Poetry in Prison

Posted: March 31, 2012 by Ed Griffin in Prison
Tags: , , , , ,

poetryWhen I first went to teach in prison, I was surprised by the guys’ interest in poetry. They wrote poems and they wanted me to comment. When they discovered that I had only a surface knowledge of poetry, they asked me to bring in real poets to help them, which I did.

Why? Why the interest in poetry? Only once or twice a year am I moved to poetry, when something hits me hard. I wanted them to write about prison reform and they wrote poetry.

Here’s a poem by a man who attended my class faithfully. He organized a weekly Poetry Night and put the notice on the bulletin board. Some in the public might think he’d be beat up or worse for such a notice. In fact he attracted a core of men who met with him every week in a dirty, little office, and they wrote poetry.


The External Gatekeeper


Until he got to minimum Joshua wore an external conscience;

loud and insistent, a full metal jacket

the Man would call the shots

If he knew what was good for him Joshua would take instruction.

The uniforms would decide when he ate, when he slept…

they’d tell him when to report to work and what ailed him…

in a cyclical way. The days kept coming like a revolving door…

Slave wages. Jump through hoops. Pray to your maker for more.

Then one day the walls were no more. There were trees, birds,

green grass, Escorted Absences lay in store.

Now out of himself he must fashion a clockwatcher bore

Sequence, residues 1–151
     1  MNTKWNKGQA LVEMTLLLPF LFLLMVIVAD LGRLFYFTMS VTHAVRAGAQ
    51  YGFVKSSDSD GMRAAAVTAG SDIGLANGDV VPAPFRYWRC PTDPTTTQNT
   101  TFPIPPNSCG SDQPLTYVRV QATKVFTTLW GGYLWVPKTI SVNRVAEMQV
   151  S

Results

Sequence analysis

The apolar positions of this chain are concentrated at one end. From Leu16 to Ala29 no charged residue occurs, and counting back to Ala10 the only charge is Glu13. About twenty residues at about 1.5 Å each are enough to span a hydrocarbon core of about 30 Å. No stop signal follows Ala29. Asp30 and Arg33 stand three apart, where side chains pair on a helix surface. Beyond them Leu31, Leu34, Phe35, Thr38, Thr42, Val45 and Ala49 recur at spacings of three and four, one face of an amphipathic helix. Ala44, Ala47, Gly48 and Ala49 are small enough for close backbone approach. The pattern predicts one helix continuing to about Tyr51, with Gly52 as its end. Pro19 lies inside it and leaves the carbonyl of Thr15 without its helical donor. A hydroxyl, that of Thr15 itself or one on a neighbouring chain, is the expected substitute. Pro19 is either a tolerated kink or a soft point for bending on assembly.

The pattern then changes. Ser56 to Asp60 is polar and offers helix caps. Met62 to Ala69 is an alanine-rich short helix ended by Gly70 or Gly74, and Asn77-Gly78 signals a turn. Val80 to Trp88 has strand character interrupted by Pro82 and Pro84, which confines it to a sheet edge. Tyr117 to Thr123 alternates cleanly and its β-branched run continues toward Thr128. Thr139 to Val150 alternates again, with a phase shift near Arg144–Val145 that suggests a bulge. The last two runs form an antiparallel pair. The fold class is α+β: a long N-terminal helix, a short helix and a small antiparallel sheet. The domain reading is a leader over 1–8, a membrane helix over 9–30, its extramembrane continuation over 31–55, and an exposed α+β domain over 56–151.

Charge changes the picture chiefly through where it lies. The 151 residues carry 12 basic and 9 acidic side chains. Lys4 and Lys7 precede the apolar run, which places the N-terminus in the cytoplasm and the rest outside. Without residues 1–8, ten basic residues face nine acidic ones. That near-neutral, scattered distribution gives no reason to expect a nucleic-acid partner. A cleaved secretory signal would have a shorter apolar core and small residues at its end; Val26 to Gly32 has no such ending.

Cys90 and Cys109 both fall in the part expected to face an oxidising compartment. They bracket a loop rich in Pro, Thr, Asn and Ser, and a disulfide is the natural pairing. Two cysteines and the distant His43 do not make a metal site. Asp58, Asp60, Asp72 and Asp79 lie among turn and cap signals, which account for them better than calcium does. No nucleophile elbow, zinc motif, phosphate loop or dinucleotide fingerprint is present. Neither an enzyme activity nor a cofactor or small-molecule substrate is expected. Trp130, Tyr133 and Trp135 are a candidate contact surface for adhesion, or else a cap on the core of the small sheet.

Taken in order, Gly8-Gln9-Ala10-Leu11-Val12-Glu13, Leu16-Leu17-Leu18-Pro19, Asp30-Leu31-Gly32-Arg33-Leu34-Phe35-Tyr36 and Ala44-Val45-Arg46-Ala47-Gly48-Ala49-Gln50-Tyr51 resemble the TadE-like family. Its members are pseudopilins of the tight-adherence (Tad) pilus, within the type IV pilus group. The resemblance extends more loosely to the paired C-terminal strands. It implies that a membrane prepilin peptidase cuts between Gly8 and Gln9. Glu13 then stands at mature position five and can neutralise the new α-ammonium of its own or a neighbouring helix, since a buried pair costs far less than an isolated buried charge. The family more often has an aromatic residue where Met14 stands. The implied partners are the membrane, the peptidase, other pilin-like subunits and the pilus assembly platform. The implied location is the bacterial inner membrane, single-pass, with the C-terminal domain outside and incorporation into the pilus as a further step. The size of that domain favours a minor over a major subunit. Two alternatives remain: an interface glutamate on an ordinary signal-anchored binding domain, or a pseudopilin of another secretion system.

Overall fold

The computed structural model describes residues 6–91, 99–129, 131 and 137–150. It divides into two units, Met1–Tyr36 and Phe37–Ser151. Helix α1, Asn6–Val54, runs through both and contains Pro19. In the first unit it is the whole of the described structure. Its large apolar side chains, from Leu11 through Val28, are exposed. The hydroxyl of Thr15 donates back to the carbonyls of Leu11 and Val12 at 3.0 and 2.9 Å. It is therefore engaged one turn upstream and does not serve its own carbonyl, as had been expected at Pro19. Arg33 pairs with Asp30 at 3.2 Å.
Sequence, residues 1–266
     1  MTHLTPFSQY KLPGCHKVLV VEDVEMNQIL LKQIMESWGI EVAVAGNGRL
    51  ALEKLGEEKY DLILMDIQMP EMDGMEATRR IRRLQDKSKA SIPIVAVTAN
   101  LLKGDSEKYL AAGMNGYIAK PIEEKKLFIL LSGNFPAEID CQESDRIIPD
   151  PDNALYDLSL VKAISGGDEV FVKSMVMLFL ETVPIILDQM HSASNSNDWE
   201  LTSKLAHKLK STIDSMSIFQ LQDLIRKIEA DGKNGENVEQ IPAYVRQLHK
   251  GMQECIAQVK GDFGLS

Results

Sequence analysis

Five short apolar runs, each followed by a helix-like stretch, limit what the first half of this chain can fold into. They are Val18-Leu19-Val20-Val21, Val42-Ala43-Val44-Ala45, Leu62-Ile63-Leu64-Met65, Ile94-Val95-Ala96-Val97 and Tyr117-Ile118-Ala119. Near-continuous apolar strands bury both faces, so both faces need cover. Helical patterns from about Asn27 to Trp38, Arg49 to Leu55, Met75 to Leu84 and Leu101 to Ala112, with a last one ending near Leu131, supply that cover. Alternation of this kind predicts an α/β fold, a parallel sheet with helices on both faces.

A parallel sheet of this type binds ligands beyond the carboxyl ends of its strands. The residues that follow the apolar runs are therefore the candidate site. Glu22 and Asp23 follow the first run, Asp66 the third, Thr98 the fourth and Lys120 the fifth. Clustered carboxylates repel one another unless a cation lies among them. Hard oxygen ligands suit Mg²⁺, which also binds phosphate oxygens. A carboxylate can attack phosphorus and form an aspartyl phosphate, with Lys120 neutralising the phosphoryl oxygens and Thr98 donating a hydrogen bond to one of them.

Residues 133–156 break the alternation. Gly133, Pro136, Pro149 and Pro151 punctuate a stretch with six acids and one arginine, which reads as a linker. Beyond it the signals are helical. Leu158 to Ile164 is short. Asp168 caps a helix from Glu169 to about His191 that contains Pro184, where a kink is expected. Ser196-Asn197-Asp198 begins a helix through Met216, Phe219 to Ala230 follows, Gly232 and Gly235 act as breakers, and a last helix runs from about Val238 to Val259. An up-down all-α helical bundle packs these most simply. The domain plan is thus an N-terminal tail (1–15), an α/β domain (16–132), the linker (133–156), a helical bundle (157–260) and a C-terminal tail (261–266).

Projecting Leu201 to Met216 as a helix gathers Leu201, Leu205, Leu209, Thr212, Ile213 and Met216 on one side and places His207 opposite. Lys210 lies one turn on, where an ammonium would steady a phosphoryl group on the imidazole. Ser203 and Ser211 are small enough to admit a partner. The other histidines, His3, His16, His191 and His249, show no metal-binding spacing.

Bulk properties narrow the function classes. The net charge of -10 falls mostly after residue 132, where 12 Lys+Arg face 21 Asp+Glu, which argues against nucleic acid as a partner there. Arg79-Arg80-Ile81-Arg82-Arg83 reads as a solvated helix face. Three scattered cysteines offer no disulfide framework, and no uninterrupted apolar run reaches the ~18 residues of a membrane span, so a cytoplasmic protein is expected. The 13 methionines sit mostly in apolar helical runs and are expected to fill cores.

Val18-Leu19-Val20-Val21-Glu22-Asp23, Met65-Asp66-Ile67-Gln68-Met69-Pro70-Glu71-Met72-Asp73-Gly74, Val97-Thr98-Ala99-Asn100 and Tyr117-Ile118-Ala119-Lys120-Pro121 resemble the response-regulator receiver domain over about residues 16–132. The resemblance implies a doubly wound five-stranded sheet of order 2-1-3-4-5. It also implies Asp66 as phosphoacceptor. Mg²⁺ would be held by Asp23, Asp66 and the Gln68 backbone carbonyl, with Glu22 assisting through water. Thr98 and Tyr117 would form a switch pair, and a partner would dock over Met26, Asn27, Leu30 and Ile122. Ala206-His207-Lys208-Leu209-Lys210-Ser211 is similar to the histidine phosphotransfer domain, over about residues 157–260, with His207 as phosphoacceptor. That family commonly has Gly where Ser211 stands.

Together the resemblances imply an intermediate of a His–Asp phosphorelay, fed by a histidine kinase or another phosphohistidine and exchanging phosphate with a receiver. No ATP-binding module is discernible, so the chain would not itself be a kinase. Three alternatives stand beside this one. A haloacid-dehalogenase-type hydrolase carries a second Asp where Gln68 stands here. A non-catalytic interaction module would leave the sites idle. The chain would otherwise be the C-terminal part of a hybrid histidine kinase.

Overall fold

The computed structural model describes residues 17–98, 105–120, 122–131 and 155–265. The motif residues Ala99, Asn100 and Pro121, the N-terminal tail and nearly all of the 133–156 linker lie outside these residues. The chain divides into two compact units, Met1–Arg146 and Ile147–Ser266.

To keep track of the free movement hours, no lock on the door

A strange world to a caged bird, mythical lore

The cage just got bigger, would someday be no moreJail Writer

for Josh, no longer a sapling, had caged rage at his core.


Why? Why is poetry so popular in prison?


Images courtesy of:

  • asylum.com


  1. Joanne says:

    I’m no expert, but I believe poetry is about getting raw emotion on paper. For some, prose may put too many constraints on what needs to be said, what is crying to come out. Plus with poetry a lot can be expressed in fewer words.

    This poem does a good job of expressing the fear prisoners feel when getting close to freedom. This fear is manufactured by the system, which takes away all accountability and then expects people who have lived this way, sometimes for many years, to gain it all back in a relative instant.

  2. Every human being has beauty at his/her core. We all need love to bring that beauty to the fore. Thank you Ed for bringing that love wherever you go. When I read of men and women behind bars I know: there but for fortune go I. I have been blessed. I too am a survivor.

  3. marcella says:

    I was never big on poetry until I read the poetry that came from inside prison. Amazing.

  4. Ed, loved that line: The days kept coming like a revolving door. Good stuff. I really loved this post – also your bit: I wanted them to write about prison refrom and they wrote poetry.

  5. Thank you Ed for encouraging these unfortunate men to express themselves through poetry. You are a gift to the community and a gift to the world.When I read poetry written behind bars, I can only reflect “There but for the grace of God go I”. Poetry and music have been my salvation through many periods of trauma and hardship. Had I not been able to express my feelings in this way, I’d have gone mad many years ago. Ben Nuttall-Smith

    • Ed Griffin says:

      Thanks, Ben. I appreciate your kind words. But the poetry that guys come up with, comes from someplace other than me. I don’t know it well enough to teach it . I mentioned in the post that I brought in poets to the prison. One poet noticed that in the prison you could only see the tops of the trees, never the trunks or roots. He wrote a great poem on that fact. I’ll include it someday

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